Author: Joe Siegal
With the regular season ending today, the newly expanded Major League Baseball playoffs are set to begin. This year, the top two second-place finishers will join the winners of the East, Central and West divisions from the National and American leagues, expanding the playoffs to include an extra Wild Card play-in game in each league.
In the National League (NL), the Washington Nationals have won the Eastern division. The Nationals have languished as basement-dwellers since their move to Washington in 2005. However, with a young pitching staff, they have jelled into a contender this season. Twenty four year old ace Stephen Strasburg, a 15-game winner this season, will not be pitching in the postseason due to a team-imposed shutdown after reaching a 160-inning limit. For the Nationals to continue their success deep into October, they will need pitchers like 21-game winner Gio Gonzalez and Jordan Zimmermann to fill the void.
Washington will face the winner of the NL’s Wild Card playoff game in the Division Series. The Atlanta Braves have clinched one spot, and they will play last year’s World Series winners, the St. Louis Cardinals. While the Braves have a stronger regular season record, the one-game playoff could be to the Cardinals’ advantage, as they could start either Adam Wainwright or Chris Carpenter, two hurlers boasting extensive playoff success. The Cardinals’ experience will pay off, sending them to face Washington where the emerging Nationals should be able to move past St. Louis.
The other NL matchup will pit the Western division champion San Francisco Giants against the Central’s Cincinnati Reds. The 2010 World Series champion Giants will need improved performance from pitcher Tim Lincecum, whose formerly dominant numbers have slipped in 2012 to a 5.15 earned run average (ERA), the worst on the Giants’ starting staff. If Lincecum continues his erratic form, the Giants will face a quick exit.
The return of Reds first baseman Joey Votto from the disabled list bolsters Cincinnati’s playoff lineup. With a strong, young starting staff and dominant closer Aroldis Chapman in the fold, the Reds will be too difficult for the Giants, and will move on to face Washington.
In a Reds-Nationals matchup, the depth of both teams’ pitching would be tested. Cincinnati’s formidable bullpen will be key late in games, delivering the Reds their first spot in the World Series since 1990.
In the American League (AL) East, the New York Yankees are trying to fend off a late season collapse at the hands of the surprising Baltimore Orioles. Should the Yankees hold off Baltimore, they will face the AL Central champion Detroit Tigers.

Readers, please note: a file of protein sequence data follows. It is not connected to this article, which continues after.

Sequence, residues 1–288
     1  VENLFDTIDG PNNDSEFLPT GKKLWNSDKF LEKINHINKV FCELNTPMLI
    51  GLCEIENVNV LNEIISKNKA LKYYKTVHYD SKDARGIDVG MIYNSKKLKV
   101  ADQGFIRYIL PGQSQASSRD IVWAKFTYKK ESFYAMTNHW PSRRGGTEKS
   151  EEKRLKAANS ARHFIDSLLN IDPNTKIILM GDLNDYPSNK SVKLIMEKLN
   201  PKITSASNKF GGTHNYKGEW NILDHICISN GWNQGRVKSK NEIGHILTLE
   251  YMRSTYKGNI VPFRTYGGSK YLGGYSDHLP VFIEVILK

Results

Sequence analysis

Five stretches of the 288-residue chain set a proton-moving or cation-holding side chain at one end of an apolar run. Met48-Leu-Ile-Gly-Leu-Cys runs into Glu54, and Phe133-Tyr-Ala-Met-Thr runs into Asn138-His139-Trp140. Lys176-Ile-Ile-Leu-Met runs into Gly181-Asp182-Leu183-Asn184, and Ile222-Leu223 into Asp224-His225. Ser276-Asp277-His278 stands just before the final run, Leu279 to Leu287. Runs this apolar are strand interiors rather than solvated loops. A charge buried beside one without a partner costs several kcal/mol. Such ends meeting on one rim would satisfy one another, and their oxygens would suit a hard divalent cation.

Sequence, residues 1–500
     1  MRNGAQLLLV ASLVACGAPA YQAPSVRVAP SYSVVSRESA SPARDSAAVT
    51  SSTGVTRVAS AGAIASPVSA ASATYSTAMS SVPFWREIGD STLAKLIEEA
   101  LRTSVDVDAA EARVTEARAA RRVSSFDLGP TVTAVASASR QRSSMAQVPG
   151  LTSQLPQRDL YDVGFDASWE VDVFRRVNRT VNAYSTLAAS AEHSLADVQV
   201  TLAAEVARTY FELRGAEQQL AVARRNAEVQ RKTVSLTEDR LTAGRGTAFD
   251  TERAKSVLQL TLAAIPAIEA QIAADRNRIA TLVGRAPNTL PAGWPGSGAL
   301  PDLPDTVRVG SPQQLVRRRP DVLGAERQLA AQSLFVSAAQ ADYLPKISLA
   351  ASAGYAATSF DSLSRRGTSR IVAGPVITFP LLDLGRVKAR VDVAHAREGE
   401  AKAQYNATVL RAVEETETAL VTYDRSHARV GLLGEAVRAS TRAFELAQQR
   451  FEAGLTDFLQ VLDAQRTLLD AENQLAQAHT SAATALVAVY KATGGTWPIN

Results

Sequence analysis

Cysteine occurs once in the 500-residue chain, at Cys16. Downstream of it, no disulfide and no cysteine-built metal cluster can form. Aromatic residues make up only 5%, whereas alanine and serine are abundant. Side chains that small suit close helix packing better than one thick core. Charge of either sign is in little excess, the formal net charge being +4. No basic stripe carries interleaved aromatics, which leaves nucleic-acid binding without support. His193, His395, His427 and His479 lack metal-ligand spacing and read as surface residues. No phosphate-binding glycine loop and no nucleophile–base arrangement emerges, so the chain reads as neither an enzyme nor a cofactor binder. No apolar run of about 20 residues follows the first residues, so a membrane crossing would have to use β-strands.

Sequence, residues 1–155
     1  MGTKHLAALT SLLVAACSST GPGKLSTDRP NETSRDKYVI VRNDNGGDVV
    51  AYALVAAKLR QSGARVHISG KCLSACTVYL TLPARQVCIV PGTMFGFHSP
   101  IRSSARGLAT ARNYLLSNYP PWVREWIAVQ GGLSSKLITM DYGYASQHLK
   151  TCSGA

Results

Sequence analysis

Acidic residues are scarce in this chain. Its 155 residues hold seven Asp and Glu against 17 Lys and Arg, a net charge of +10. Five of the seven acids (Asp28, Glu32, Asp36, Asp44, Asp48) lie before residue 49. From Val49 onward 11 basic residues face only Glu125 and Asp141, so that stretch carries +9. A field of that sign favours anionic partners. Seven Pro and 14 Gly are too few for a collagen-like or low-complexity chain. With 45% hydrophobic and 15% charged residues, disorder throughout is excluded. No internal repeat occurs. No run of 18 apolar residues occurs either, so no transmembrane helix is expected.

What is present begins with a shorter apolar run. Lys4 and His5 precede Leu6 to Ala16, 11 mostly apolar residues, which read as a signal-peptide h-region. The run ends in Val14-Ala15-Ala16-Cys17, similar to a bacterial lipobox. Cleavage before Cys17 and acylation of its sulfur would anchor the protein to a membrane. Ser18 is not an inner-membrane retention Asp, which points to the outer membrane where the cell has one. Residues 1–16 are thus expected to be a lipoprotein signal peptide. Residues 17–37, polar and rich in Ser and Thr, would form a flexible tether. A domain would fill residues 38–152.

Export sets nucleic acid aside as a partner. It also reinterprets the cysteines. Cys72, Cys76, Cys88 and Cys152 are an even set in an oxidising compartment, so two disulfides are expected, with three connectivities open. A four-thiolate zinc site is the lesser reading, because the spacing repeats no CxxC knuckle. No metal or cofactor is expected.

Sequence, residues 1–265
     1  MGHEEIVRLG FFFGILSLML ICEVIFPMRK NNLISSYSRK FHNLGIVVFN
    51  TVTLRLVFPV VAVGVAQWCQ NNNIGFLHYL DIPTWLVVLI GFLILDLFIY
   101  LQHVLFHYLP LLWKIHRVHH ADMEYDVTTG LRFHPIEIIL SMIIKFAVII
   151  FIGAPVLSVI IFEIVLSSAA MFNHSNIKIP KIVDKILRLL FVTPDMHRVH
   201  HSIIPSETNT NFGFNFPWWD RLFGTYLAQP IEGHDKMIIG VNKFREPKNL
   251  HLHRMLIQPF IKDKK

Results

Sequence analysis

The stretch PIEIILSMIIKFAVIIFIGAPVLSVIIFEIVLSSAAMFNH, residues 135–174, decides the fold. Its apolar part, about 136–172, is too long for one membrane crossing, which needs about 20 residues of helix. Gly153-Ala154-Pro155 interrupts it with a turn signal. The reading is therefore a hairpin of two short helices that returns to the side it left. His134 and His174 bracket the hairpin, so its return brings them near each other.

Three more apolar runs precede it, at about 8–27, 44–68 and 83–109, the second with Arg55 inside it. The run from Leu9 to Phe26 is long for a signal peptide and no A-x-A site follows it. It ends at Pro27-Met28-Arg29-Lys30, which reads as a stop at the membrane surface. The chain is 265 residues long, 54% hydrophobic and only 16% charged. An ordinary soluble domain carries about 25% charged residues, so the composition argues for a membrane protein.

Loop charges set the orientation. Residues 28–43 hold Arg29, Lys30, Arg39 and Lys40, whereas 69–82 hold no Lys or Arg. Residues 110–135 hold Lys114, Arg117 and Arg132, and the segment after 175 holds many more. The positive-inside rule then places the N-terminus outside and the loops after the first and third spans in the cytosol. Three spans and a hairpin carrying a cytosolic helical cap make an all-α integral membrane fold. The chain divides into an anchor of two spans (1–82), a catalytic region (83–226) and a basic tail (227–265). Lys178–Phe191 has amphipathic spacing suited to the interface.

The Yankees have looked vulnerable in recent weeks, with injuries to several key players like Mark Teixeira, Alex Rodriguez, CC Sabathia and Andy Pettite hampering their chase for the Division title, though all will play in October.
Detroit, with a lineup containing sluggers Miguel Cabrera and Prince Fielder, could send the Yankees home for a second consecutive year. Then again, the Yankees always seem to be at their best in October. Expect the Yankees to avenge last year’s playoff defeat in the first round, with their eye on a 28th World Series title.
The AL West’s Texas Rangers then face the winner of the Wild Card play-in game between the Oakland Athletics and the Baltimore Orioles. Both these teams have unexpectedly played their way into the playoff picture, but the Rangers will show why they’ve been to the last two World Series, as the winning Wild Card team should not pose a significant challenge.
Nor should the ailing Yankees, as the Rangers should be able to reach the Fall Classic with what is arguably baseball’s best lineup. The third World Series in a row should be the charm for Texas, whose combination of power and pitching would give the franchise its first championship.
With more teams than ever before in the playoff mix, this October promises to be unpredictable, leading up to the start of the World Series on Oct. 24. The playoffs begin with the Wild Card games on Friday, Oct. 5.
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